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IDASS Fitness PO Box 161, Launceston, Cornwall, PL15 0AY, United Kingdom.

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Blood Pressure

BP-103H Upper arm Lifestyle blood pressure monitor

BP-103H Upper arm Lifestyle blood pressure monitor

Price: 16.66 (19.99 Including VAT at 20%)

Ref: B/BP-130H

BP-1307 Upper arm Lifestyle blood pressure monitor

BP-1307 Upper arm Lifestyle blood pressure monitor

Price: 24.99 (29.99 Including VAT at 20%)

Ref: B/BP-1307

Aneroid Sphygmomanometer

Aneroid Sphygmomanometer

Price: 10.00 (12.00 Including VAT at 20%)

Ref: B/ANER2

Aneroid Sphygmomanometer

Aneroid Sphygmomanometer

Price: 12.00 (14.40 Including VAT at 20%)

Ref: B/ANER-single

Blood Pressure

Blood Pressure

Price: 2.00 (2.40 Including VAT at 20%)

Ref: ChartBloodPressure

Bood Pressure

Bood Pressure
Exercise causes blood pressure to rise. So prior to taking part in any exercise program you should check your blood pressure. If you appear hypertensive, you should modify your exercise accordingly and regularly monitor your blood pressure.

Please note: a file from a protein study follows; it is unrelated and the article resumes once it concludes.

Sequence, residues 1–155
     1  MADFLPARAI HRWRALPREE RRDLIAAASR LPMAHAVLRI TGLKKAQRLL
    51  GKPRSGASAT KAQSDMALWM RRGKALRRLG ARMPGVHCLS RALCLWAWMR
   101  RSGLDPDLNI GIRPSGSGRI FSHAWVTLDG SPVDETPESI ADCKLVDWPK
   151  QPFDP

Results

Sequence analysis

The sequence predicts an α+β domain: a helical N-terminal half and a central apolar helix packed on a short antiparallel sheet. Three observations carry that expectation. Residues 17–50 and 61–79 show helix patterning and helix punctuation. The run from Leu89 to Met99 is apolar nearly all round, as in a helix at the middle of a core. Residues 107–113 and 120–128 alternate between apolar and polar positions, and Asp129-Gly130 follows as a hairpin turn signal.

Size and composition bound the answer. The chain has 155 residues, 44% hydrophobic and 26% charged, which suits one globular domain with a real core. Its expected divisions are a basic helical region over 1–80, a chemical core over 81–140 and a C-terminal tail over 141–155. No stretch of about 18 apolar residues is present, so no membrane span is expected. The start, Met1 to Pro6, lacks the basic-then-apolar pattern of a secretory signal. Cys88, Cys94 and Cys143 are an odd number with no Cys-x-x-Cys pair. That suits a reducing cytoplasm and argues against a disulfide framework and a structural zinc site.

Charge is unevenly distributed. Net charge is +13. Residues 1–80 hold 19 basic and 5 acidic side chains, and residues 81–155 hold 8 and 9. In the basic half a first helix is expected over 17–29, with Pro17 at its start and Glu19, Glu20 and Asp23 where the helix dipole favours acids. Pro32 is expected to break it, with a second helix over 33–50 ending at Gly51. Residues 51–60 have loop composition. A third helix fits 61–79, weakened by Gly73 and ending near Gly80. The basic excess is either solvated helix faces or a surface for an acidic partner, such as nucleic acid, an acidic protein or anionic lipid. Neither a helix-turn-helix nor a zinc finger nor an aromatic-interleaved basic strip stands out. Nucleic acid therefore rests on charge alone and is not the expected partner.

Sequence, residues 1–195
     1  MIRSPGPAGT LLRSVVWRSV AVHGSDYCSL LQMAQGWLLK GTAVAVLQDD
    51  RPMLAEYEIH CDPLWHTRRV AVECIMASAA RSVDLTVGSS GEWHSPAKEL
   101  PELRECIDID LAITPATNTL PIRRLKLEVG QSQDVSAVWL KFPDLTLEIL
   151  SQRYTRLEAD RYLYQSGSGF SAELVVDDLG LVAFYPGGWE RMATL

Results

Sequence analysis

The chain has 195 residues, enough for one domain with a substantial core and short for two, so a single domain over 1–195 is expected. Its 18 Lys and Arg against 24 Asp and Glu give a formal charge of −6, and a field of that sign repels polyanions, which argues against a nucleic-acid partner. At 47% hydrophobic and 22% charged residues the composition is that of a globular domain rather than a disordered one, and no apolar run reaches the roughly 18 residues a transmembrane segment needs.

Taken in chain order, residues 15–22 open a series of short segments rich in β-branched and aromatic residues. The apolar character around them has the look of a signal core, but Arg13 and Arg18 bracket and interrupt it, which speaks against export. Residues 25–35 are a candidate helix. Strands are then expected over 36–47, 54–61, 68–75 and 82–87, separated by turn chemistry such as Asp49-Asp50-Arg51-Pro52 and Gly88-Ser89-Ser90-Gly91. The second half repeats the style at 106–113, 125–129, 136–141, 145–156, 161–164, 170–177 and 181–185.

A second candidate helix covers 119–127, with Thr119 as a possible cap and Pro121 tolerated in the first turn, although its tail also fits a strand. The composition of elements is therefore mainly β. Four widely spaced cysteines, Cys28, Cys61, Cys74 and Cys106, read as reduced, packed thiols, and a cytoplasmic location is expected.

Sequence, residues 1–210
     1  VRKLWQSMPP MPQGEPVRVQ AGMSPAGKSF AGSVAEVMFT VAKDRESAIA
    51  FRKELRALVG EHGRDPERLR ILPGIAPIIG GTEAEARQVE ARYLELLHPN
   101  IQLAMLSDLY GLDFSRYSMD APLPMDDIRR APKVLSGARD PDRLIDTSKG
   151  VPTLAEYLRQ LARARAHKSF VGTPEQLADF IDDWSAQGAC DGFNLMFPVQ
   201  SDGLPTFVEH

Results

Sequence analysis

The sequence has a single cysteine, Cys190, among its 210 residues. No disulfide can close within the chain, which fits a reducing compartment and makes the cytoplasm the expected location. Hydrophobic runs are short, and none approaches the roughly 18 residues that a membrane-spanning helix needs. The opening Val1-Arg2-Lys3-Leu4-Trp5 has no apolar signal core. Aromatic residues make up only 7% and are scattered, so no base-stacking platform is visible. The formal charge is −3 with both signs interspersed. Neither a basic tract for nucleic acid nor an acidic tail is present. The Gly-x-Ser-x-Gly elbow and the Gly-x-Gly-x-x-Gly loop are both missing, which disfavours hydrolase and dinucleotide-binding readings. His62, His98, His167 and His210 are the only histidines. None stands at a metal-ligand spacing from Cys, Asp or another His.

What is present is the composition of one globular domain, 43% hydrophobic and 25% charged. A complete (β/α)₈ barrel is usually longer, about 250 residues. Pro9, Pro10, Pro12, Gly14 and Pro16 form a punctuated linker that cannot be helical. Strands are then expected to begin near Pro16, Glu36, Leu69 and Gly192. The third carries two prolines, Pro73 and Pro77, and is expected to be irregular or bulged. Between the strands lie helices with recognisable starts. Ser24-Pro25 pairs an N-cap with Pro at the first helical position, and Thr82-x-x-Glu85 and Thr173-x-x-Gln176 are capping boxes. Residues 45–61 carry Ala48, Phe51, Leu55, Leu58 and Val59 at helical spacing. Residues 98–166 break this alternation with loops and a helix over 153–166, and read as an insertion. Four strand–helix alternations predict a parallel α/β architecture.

We provide both digital blood pressure monitors (which are clinically validated) and traditional manual blood pressure monitors and stethescopes.

Procedure for measureing blood pressure

1. Have your subject be seated and relaxed with both feet on the floor and legs uncrossed. The back should be supported and the arm from which the reading is to be done should be at the same level as the heart and supported e.g. resting on desktop.
2. Fit the proper size of cuff to the subject's arm with bottom edge of the cuff 2-3 cm above the crease of the elbow ensuring that arrow marked on the cuff is in line with the artery.
3. Inflate the cuff while feeling the radial pulse. The pressure at which the pulse disappears gives a rough estimate as to the systolic pressure. Note this, and then deflate the cuff rapidly.
4. Feel for the brachial pulse, in order to guide the placement of the stethoscope. Note its location.
5. Now take the reading by inflating the cuff to 20-30 mm/Hg above the estimated systolic pressure, then deflate the cuff at the rate of 3mm/Hg per second or heart beat, while holding the stethoscope gently but firmly over the brachial artery. The systolic pressure is taken at the first appearance of clear, repetitive tapping sounds (Korotkoff sound 1.) and the diastolic pressure is taken at the disappearance of those sounds.
6. Record both pressures to the nearest 2mm/Hg.

Below is a good video clip for hearing what to expect, this person has high blood pressure at about 130 - 165.